“I moved back to Lexington in 2012 and got married, and Cameron got a bigger job, and we stopped road-tripping, and we stopped updating the blog,” Blair said.
Nine months passed. Blair logged into the blog’s Gmail account on a whim and found a message from a woman named Katie Perry with the History Press, now part of Arcadia Publishing. She was interested in doing a My Old Kentucky Road Trip book. Blair realized the opportunity may have passed, but she told Ludwick about it anyways, and she was thrilled. They decided they had to reach out.
“So, we called Katie Perry back and because we are the luckiest people in the entire universe, Katie Perry was the kindest person you’ve ever met, and she still wanted to do a book with us and she wanted us to take 25 road trips across the state, and she wanted us to take pictures and she wanted us to write about our experiences and she wanted us to publish a book,” Blair said.
They agreed. My Old Kentucky Road Trip made the transition from the web to print. The book deal was signed in 2014, and the first book came out in 2015.
“This was about the same time that Kentucky for Kentucky was establishing itself, and Kentucky was suddenly kicking ass… Those things were starting to kind of come about,” Blair said. “So, there was this surge of pride in the state. We didn’t want to be in the bottom five in education and obesity. We wanted to be more proud of where we were from.”
Blair said the feeling of holding your own published book is something that will never get old.
“I remember they sent us author advances, and I think I just held it forever. We went to dinner that night and I took it with me and I went to the store and I took it with me, I mean I carried it in my purse for a week. And it wasn’t even to show it off, I just wanted to have it close to me,” Blair said. “Every bookstore I walk in I look for it. Out of habit, I could be in Ontario, Canada, or Lexington, Kentucky, and I’ll look for it. Every time we walk in a bookstore, we move them to the front. Bookstore people probably hate us.”
They have since expanded the brand to include topic-specific books on Kentucky foods, bourbon, and Civil War historic sites. Blair has spoken on author panels and bourbon panels where she served as an expert on Kentucky, a role she said she will always exercise, whether a friend needs a restaurant recommendation or a panel needs a speaker. A publisher in Indiana asked Blair and Ludwick to do a similar series in their state, but they decided against it. It’s kind of a Kentucky thing.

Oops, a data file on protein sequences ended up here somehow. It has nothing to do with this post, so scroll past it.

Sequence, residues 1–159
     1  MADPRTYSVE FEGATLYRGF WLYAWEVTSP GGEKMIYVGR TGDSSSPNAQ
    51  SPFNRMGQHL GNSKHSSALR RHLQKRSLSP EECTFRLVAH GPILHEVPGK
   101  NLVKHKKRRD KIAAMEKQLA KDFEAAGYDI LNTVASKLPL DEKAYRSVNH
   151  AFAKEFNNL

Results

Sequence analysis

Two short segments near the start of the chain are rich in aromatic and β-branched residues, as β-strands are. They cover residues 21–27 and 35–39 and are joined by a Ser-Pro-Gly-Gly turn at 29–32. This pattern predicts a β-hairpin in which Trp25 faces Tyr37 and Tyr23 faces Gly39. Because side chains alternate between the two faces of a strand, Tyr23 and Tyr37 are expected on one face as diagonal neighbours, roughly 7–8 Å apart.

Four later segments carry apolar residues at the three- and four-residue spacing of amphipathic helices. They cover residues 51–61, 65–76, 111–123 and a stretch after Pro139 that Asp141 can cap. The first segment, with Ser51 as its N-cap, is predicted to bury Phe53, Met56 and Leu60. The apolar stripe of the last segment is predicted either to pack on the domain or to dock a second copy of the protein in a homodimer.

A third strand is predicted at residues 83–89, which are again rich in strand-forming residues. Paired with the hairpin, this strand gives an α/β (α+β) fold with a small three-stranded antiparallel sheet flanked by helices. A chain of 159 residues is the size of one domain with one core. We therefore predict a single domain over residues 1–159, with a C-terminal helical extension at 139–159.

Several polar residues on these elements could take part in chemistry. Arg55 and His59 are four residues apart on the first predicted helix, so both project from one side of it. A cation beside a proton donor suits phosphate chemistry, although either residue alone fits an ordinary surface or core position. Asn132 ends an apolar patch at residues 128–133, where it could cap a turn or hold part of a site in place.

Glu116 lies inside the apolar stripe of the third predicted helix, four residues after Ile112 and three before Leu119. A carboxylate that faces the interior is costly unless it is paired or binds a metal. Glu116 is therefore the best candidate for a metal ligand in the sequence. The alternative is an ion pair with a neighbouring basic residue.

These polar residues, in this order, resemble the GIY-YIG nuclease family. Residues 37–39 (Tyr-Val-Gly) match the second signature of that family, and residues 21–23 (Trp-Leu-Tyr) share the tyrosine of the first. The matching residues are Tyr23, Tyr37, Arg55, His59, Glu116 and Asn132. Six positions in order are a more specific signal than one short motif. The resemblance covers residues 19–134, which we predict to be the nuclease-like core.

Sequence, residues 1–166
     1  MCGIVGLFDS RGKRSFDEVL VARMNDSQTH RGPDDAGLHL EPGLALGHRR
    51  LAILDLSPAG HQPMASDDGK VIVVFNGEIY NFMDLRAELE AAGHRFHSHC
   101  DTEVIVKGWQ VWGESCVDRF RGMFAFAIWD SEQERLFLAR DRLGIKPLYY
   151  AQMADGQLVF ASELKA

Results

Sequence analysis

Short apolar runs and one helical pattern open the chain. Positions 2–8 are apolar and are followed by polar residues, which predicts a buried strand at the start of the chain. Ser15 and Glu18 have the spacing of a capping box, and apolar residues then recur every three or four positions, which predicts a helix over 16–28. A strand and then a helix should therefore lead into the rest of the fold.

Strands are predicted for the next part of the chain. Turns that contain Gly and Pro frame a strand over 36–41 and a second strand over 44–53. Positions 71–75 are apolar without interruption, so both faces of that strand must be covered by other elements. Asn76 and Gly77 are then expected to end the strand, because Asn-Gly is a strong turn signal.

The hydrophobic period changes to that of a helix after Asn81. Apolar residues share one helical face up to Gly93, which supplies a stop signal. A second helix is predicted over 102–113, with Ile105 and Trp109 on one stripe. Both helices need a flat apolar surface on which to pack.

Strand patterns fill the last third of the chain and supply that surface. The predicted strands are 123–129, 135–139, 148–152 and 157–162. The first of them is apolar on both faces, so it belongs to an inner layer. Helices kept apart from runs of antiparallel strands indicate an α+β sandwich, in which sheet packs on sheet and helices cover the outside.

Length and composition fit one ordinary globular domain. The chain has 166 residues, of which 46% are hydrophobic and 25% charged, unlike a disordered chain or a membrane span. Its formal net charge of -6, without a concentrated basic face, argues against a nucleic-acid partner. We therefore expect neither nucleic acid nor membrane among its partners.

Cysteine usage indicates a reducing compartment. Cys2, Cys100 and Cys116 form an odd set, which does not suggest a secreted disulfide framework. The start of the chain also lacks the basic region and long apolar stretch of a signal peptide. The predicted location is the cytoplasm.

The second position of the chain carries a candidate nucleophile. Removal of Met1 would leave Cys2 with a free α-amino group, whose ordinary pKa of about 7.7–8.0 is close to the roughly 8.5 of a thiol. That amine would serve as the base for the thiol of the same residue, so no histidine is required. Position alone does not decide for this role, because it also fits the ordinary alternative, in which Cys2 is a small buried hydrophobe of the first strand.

But Blair does write about other places, too. For Christmas 2018, the Hess trio took a Euro-trip through England and France with Blair’s mother, her brother, and her brother’s husband, against plenty of discouragement on taking a two-year-old to a new continent with a five-hour time difference. But little Elliott is a traveler at heart. She turned three while on a train from Paris to London and took in sights that some people dream their whole lives of seeing, something that Blair said she will remember forever.
“It was the wildest thing. I remember we went to the Eiffel Tower and we did it at night, so you know how they light it up and it twinkles. We’re sitting in line waiting to get on the elevator to go to the top, and my mother is holding my daughter, and they’re watching this big huge Eiffel Tower twinkle, and I remember thinking, this is the most amazing thing you could watch,” Blair said. “And they’d never seen it before, and who knows if either of them will remember it in ten years, probably not, but I will remember it. And it was one of the most special things.”
For now, moments like these live exclusively in journals for Elliott to read when she gets older. But what’s next for Blair’s brand? Maybe My Old European Road Trip with co-editors Elliott Squared. We’ll have to wait and see.